June 2, 2020 | 5:21 pm

It has been a week since George Floyd was arrested by two Minneapolis police officers. After his death, helped by one of the police officers putting his knee on Floyd’s neck, protests in the United States against police brutality and racism have not stopped.

And it’s time for companies to join in, but they must go beyond simply denouncing racism to stay in tune with the moment, said Ken Freazer, chief executive of Merck, in an interview with CNBC.

“People make statements, they say platitudes, that this is terrible,” said the leader of the world’s oldest pharmaceutical and chemical company, but the “fundamental question is whether we are doing more than what we are asked to give to people all the tools to participate in this society ”.

Frazier, the only black CEO of a company that makes up the Dow Jones Index, attributes his success to an educational initiative that brought a handful of black students from Philadelphia to the best schools in the city.

The hiring and promotion of Afro-descendants and Latinos is essential to combat inequality, and companies should not expect leadership from Washington in that regard, he said.

“Our society is more divided than it has ever been,” said Frazier.

Large companies issued statements rejecting discrimination, and some, such as Apple and Bank of America, put money to support civil liberties groups or support programs for disadvantaged sectors.

However, the deep and ancient inequality in the United States persists both in society and within big business.

A 2019 report from the Boston Consulting Group revealed that just three of the 500 largest American companies were led by black people and only 24 by women.

In 2018, the median income for a white household in the United States was $ 70,642 a year versus $ 41,692 for an Afro-descendant family, according to data from the Institute for Economic Policy, a progressive think tank.

Take posture

Marketing experts believe that companies that measure up to the moment have a reward.

“The business sector has the opportunity to fill the void left by the government,” said Richard Edelman, head of a corporate communication firm.

“It doesn’t have to be just communication, there has to be action,” added Edelman, citing support for minority-owned contractors or giving jobs to people who were imprisoned.

Other concrete steps include supporting African-American and Latino startups and having senior executives serve on boards of directors of community groups and non-governmental organizations that support disadvantaged sectors.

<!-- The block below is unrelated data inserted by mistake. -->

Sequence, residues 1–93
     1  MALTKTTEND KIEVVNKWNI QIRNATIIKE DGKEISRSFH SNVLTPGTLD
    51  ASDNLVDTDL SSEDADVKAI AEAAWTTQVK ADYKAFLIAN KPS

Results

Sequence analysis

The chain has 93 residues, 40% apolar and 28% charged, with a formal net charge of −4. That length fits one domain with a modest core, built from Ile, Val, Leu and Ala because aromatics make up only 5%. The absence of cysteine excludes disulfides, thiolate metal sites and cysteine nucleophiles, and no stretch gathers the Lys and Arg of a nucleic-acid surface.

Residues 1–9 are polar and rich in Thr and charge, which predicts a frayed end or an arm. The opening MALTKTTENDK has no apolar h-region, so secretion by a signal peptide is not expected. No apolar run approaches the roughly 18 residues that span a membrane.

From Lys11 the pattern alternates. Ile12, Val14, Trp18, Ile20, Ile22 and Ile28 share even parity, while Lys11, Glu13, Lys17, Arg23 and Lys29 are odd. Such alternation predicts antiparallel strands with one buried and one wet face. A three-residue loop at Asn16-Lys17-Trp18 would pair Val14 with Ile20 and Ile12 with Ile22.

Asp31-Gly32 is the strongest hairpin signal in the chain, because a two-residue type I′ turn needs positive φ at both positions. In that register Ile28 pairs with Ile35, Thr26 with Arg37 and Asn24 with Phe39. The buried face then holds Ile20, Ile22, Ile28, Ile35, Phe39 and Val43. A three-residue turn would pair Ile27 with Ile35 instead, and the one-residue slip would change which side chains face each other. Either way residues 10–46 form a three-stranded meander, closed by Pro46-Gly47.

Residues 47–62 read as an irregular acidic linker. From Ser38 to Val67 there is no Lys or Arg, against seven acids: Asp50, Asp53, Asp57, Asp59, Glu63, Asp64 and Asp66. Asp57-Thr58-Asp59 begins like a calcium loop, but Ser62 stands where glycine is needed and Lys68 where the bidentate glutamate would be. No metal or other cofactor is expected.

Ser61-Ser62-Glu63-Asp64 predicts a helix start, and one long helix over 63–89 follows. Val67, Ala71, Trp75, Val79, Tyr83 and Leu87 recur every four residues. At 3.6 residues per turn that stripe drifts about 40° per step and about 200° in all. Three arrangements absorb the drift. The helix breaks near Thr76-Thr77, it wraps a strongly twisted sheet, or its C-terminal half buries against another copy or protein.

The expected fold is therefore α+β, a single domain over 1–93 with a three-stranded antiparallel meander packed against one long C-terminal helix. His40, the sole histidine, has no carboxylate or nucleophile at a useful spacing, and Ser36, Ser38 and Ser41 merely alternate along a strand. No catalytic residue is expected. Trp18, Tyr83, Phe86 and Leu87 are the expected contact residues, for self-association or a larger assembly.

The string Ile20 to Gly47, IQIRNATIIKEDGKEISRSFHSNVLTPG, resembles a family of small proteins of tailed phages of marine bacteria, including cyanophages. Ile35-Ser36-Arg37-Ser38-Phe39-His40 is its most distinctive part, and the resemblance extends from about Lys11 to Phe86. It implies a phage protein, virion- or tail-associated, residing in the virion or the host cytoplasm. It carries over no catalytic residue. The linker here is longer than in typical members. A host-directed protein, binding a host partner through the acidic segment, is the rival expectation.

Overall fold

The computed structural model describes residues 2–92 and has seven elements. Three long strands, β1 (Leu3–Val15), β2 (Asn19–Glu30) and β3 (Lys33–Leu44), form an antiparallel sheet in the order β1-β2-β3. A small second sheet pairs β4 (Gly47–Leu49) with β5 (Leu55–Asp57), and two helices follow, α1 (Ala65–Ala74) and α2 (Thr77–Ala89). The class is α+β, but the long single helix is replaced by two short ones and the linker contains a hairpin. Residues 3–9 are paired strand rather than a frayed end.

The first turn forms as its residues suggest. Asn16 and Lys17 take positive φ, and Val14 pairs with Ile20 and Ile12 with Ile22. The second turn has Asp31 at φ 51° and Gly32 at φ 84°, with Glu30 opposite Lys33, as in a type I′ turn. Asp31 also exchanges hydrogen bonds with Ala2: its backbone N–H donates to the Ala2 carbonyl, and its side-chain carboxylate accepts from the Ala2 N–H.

Experts urge big business to emulate the National Football League’s “Rooney Rule,” which requires teams to interview minority candidates for managerial positions and senior operating positions when there are vacancies.

“There are a number of firms that want to put themselves in the window,” said Hank Boyd, professor of marketing at the University of Maryland. “You have to act and you have to act quickly.”

Music and sports join the protest

On social networks, the #BlackOutTuesday initiative came out from music producers Jamila Thomas and Brianna Agyemang, which proposes that members of the music industry take a break from social media to reflect on racism and, as a sign of that action, call for a black background in each profile.

In addition to members of the music industry, actors and actresses, as well as citizens, they have joined the protest, which has left millions of publications and which was also joined by athletes such as basketball players Lebron James and Stephen Curry, the quarterbacks of the NFL Tom Brady and Drew Brees and tennis players Sloane Stephens and Coco Gauff,

British driver Lewis Hamilton denounced the silence of other Formula 1 stars.

“No one lifts a finger in my industry, which is of course a white-dominated sport. I am one of the few people of color, I am still alone, ”said the British pilot this weekend on the Instagram social network

While in Germany, players players Weston McKennie, Jadon Sancho and Achraf Hakimi from the German Soccer Federation paid tribute to Floyd with messages on armbands and on their uniforms, an action that is already being evaluated by the Disciplinary Commission of the German Federation of Soccer (DFB) who will determine if the gestures in tribute to Floyd can carry a sanction.

FIFA “fully understands the depth of the feelings and concerns expressed by various footballers after the tragic circumstances of the George Floyd case,” the 46-year-old American died at the hands of the Minneapolis police last Monday during his arrest.

FIFA, which “repeatedly shows its opposition to all forms of racism and discrimination”, recalls the application of the rules of the game approved by the IFAB: “Leave the organizers of the competitions, which must show good sense and take I consider the context surrounding the events. ”

The Disciplinary Commission of the German Football Federation (DFB) will determine whether gestures in tribute to Floyd may carry a penalty, the DFB itself announced Monday.